Also, as the website given as Example #5 demonstrates, there are long held traditions in the many cultures of lighting certain colored candles to achieve a certain result or results. whether that result is good or evil. However, I think that Randy Stonehill's references to lighting a candle are based on the overarching belief that the devil (or evil spirits) are most active in the dark (and at night). Lighting a candle dispels some of the darkness, thus keeping away those evil spirits. A related belief that light= God/Jesus is the basis of such Christian songs as "The Light Of The World Is Jesus". Unfortunately, the belief that good = light and bad = dark influences the way some people have viewed White people and People of Color, especially Black people and other People of Color who are dark skinned.

This concludes this sampling of online material on the devil, jumbies, and the "Shut De Door" song.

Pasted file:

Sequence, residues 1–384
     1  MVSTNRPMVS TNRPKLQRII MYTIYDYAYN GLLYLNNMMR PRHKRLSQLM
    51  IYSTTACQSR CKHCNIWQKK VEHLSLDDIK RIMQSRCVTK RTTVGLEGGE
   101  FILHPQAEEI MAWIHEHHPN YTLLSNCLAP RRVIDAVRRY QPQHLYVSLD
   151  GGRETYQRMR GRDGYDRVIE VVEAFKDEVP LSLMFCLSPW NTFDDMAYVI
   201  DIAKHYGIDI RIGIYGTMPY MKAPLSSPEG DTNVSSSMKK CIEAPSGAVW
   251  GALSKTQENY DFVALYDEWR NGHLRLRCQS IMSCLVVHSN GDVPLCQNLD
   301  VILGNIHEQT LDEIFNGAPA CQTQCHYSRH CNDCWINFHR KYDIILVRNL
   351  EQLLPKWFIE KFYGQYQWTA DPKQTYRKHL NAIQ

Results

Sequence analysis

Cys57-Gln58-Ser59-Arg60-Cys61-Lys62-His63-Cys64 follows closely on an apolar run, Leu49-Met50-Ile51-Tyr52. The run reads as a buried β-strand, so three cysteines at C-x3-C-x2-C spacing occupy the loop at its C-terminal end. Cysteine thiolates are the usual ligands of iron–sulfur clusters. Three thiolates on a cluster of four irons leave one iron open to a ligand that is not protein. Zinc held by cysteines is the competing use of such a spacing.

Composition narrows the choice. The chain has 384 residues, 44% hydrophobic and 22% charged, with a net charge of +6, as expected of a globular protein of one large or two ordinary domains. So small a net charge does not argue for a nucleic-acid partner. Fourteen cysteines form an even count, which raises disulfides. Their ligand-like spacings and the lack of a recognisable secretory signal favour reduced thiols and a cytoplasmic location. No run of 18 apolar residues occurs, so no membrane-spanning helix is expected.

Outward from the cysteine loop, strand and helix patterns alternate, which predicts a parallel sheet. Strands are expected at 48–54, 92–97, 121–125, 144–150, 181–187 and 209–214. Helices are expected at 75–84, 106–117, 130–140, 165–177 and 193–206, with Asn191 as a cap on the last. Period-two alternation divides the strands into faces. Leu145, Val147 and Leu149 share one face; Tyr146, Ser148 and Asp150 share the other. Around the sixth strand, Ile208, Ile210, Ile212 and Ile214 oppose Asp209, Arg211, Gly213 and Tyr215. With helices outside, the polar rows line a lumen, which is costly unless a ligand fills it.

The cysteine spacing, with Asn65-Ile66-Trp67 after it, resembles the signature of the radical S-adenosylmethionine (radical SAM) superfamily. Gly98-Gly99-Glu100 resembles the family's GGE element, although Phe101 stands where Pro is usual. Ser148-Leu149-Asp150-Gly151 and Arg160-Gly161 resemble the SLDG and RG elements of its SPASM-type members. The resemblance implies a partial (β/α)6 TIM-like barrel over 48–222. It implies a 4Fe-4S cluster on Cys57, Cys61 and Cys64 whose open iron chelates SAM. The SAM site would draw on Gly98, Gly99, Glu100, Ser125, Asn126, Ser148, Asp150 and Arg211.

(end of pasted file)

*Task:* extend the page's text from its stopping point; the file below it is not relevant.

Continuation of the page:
Thanks to all those who are quoted in this post.

Thank you for visiting pancocojams.

Visitor comments are welcome.


  1. Thank you for your detailed analysis and your patient and sober-minded responses, particularly to objectors who have shut the door & refuse to even listen to the hurt of those of us at the other end of culturally insensitive performances whether or not intended. I'm a Caribbean person & heard the tail end of this song for the very first time today on a SDA radio station. I was immediately curious. First, the Christian church has not always accepted folk & calypso rhythms. We were punished severely for expressing our authentic African selves. Our ancestors have died and gone to prison for this. Our creole language, music, dance, and spirituality have been satanized and criminalized. Even to sway your body in church was a sin. So even though the church has embraced contemporary music, I cannot forget the history, nor am I readily open to white artists and performers who appropriate what they perceive as exotic products or commodities in affected accents, reproducing them with little or no clue about their cultural formation and meaning.